Magazine article State Legislatures , Vol. 25, No. 10
Cellular telephones are rapidly becoming a significant factor in highway safety. Surveys estimate that approximately 80 million people will own wireless telephones by the year 2000. Eighty-five percent of these owners use their phones while driving. Cell phones in motor vehicles help people conduct business, stay in touch with loved ones, call for assistance, report emergencies, convey information about hazardous road conditions, and report aggressive or drunk drivers.
Several studies, however, link cell phone use with increased driving risk. One study published in the New England Journal of Medicine concluded that the distraction caused by phone use in motor vehicles quadrupled the risk of a collision during the brief period of a call, a rate equivalent to the impairment caused by legal intoxication. Other studies published in the British Journal of Psychology and by the National Highway Traffic Safety Administration have similarly concluded that mobile telephones--even if they are hands-free devices--can impair a driver's ability to judge safe stopping distances or anticipate hazards and can greatly increase the risk of a crash.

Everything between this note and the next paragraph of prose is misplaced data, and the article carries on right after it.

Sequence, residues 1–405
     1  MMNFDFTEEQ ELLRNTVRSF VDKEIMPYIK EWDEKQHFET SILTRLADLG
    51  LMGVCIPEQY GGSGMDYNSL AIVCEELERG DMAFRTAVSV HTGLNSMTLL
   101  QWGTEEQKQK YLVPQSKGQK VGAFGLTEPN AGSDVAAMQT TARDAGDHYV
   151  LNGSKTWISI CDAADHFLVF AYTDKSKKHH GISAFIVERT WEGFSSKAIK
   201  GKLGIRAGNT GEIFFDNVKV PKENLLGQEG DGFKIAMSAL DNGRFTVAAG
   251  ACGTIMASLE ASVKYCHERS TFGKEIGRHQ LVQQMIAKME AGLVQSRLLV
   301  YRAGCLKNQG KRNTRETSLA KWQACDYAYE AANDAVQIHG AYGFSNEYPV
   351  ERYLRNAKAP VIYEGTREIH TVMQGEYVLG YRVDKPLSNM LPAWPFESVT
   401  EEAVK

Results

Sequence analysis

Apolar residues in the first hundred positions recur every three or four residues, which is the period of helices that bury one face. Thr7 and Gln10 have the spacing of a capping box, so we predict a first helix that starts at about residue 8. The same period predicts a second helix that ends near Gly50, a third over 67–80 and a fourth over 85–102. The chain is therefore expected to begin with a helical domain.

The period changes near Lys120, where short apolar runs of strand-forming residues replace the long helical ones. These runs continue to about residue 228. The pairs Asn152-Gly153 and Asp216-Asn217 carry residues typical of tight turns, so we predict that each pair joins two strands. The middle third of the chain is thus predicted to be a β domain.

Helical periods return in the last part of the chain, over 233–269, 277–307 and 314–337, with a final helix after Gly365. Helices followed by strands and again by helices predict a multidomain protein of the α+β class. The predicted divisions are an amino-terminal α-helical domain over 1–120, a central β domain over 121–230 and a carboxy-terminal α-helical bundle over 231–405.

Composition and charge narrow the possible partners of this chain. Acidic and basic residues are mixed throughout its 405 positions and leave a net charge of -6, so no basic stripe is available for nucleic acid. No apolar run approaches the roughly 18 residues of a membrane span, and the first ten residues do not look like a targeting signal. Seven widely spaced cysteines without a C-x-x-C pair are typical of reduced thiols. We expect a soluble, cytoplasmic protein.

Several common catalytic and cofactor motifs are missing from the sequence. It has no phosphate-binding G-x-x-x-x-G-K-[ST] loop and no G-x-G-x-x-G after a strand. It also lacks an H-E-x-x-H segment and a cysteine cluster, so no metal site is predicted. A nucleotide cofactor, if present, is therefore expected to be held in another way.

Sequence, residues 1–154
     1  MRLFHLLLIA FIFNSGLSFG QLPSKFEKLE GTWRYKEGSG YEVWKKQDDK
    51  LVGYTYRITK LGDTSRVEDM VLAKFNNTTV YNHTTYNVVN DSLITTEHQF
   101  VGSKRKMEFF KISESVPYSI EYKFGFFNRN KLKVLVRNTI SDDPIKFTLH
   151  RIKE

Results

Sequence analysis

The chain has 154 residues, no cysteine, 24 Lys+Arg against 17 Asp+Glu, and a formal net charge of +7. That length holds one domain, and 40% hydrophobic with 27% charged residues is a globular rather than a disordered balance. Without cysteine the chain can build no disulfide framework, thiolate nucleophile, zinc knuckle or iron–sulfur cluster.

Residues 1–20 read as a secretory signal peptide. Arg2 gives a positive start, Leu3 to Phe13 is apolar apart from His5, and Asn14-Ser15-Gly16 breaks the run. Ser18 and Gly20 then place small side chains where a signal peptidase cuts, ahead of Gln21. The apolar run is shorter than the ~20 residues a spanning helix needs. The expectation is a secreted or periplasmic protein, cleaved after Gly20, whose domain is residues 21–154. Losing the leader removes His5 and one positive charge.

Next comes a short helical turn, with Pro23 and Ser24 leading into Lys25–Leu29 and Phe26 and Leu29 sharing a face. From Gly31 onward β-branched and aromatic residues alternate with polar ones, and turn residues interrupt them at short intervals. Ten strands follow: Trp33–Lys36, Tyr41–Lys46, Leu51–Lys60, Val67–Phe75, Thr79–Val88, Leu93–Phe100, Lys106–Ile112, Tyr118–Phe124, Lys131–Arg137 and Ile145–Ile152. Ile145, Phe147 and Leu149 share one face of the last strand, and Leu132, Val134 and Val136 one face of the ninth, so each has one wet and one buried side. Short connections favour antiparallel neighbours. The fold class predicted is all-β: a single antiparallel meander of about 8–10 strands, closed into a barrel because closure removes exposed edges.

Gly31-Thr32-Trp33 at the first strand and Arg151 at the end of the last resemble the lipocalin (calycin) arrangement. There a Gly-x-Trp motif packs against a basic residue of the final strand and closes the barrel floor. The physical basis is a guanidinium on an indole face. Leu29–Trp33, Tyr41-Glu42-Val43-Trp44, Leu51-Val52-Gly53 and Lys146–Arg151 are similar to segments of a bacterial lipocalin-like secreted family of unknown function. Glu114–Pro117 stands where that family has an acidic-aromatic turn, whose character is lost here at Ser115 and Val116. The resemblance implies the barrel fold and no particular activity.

Despite the growing evidence of cell phone hazards, few states restrict their use in cars. …